After Hurricane Katrina, Dead Stumps Lined The Highway
Artists Saw Something Else; A Medium
In August 2005, Hurricane Katrina hit Mississippi. My parents’ home was just above Interstate 10 and thankfully, did not suffer much damage. The next time I visited however, it was devastating to me to see that many of our memorable destinations were gone. The aquarium where the kids and I had played with dolphins just a month before was gone. The dolphins were out in the ocean somewhere, not capable of hunting for their own fish. Fishermen soon reported finding them out in the wild asking to be fed. They would have to be brought back into captivity, unable to hunt for themselves. The drug store where we had gone for beverages and sunscreen on a beach day was only sand now. You could still make out a parking lot and some bricks if you looked carefully. The bridge leading to Biloxi looked like it had been built from Legos and then stomped on. It was a zig zag of concrete shapes jutting out of the water. The children’s museum, one our our favorite destinations, was heavily damaged and would be rebuilding and renovating for months. Gulfport was in ruins.
I drove the divided highway along the coast. It used to be lined with huge live oak trees offering comforting shade over the summers I had spent there, but the shade was gone now. All that remained of after Katrina, were tall stumps. They were essentially dead. Several months later, I drove the same divided highway. A team of artists (a chainsaw artist from Mississippi, and wood sculptors from Florida and Indiana) had been inspired to transform the dead stumps from painful reminders of devastation into beautiful works of art. The trunks of the trees were still upright, and the roots were deep. The artists saw a medium. The theme of the sculptures was marine life. Some people saw dead stumps and others saw an opportunity for a beautiful transformation.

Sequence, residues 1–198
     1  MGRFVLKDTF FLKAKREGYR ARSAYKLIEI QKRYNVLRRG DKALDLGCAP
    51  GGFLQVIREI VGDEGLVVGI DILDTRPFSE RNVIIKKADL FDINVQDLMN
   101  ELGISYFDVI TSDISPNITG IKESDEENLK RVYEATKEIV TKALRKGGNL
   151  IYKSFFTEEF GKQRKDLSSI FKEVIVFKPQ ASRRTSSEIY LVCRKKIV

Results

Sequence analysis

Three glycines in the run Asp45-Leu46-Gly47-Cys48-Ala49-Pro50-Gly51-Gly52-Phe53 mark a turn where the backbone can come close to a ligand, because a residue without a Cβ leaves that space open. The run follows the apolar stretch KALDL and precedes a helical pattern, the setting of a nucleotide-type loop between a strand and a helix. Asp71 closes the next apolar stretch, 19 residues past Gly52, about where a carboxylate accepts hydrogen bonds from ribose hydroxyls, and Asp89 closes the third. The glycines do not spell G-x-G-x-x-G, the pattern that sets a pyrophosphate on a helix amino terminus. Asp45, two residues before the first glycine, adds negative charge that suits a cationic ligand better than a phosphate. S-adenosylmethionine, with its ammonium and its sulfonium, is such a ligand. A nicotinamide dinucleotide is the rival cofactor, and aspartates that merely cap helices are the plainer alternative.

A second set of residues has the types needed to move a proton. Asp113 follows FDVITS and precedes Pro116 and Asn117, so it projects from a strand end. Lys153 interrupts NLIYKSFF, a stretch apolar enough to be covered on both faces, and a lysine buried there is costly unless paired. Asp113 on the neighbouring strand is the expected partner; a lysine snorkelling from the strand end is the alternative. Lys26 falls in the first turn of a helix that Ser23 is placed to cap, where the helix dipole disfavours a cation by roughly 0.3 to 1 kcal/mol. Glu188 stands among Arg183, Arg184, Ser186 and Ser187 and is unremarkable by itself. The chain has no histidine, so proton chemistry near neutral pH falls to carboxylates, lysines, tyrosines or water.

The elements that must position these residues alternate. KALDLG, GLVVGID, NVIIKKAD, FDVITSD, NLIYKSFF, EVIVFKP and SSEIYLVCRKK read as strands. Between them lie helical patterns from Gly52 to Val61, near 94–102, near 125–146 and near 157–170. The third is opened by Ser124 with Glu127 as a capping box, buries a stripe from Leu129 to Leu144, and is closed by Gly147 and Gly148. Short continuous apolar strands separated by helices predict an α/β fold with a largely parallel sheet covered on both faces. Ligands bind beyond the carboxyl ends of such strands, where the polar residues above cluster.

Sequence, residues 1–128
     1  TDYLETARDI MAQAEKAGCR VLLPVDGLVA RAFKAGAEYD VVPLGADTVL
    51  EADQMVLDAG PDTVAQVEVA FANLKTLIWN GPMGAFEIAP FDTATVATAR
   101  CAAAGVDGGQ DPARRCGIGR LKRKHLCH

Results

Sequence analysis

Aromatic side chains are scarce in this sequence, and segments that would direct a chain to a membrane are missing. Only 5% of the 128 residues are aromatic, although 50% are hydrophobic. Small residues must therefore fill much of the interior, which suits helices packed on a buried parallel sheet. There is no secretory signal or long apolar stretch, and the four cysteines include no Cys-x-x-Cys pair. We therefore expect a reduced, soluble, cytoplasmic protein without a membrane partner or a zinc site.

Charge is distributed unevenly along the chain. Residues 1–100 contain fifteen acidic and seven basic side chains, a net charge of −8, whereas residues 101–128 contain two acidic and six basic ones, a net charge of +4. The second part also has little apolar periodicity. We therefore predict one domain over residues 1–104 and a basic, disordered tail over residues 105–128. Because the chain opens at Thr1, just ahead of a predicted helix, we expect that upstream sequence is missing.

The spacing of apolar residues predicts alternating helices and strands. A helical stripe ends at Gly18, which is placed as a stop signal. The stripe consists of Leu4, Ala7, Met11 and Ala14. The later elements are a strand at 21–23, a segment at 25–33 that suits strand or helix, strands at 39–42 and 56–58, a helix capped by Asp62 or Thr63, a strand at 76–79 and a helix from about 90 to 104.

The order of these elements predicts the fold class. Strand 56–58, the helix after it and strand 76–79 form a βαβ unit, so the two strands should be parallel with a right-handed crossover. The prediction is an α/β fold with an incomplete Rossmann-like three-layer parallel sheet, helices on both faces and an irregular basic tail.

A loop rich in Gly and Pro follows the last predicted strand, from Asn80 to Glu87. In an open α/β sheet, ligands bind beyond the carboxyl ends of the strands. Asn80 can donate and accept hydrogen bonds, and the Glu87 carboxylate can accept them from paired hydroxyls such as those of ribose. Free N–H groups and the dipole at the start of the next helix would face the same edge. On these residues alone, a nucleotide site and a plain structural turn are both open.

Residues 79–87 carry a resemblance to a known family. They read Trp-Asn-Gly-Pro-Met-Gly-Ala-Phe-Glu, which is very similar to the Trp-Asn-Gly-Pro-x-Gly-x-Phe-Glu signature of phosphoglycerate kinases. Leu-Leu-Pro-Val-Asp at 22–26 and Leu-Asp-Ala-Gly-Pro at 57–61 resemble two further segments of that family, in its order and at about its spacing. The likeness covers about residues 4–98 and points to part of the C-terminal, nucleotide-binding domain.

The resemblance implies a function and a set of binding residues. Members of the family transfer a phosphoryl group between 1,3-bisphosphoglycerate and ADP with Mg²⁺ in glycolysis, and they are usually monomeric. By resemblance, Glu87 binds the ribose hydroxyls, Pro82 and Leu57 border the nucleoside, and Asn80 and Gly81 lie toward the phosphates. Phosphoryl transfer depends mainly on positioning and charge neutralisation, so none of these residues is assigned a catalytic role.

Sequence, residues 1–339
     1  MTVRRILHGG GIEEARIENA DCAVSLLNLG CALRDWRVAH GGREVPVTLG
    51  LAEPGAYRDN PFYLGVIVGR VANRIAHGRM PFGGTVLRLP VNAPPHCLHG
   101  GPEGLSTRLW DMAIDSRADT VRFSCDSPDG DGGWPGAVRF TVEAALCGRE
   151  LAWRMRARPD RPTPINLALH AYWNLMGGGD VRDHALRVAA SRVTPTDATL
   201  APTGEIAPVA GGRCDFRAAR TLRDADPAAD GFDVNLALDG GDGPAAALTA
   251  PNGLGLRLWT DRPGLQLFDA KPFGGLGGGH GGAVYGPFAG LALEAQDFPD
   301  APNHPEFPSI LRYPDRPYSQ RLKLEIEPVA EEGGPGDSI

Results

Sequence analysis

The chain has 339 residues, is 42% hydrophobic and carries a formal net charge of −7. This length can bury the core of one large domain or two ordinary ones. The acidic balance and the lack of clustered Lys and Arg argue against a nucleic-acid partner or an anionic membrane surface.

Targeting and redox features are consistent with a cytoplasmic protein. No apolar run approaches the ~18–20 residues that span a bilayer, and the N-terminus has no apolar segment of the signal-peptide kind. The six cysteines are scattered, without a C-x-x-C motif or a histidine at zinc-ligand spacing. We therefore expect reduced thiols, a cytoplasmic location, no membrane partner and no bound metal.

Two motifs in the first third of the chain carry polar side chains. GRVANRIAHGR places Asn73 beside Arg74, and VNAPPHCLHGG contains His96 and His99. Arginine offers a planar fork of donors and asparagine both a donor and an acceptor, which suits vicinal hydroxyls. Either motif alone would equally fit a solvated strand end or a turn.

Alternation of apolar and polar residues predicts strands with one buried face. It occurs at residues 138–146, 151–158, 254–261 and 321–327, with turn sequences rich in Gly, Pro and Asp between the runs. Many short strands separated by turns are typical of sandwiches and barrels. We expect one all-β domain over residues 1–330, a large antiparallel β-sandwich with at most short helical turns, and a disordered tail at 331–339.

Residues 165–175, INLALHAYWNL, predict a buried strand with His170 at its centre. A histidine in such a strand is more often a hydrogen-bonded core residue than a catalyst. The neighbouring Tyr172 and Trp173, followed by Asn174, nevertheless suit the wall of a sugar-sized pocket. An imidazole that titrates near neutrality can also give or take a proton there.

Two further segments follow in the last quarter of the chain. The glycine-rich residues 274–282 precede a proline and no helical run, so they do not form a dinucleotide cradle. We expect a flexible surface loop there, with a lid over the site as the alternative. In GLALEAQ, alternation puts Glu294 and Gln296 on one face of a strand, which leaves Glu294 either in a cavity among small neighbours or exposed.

I was mesmerized by the metamorphosis I witnessed over time as I drove back every month or so to visit my parents. The sculptures struck me on a spiritual level. I felt dead inside. No hope. No life. I was not living. I was still upright and had deep roots, but I was completely detached I felt devastated, like those trees. I parked the car and walked out to the sculptures, touching each one. The kids were with my parents and I had time alone. Three dolphins jumping out of the water. A pelican perched on a stump. A whale’s tail. These sculptures gave me hope. Just because something is devastated, it is not useless. Something was still there. That something, even if it is much smaller than what it had started out as, a huge live oak tree, that little something can be brought to life. It may be a completely different life than it had known before. It could have a special purpose.
Death was not final, but I wasn’t thinking about an afterlife. I was trying to make sense of this life. The path I had been on had led to my spiritual death. It had killed my spirit. This “God” was not big enough to rescue me from that. It had been almost twelve years now since I married that man and shortly after became a music minister’s wife. I didn’t bother praying anymore. The answer always seemed to be “I don’t care.”
I was beginning a journey of self-exploration of spiritualism. I sat through church services feeling numb. I did my duty. I practiced “church face” and played my role. But something inside felt liberated because of those sculptures. I could make something out of this dead stump inside of me.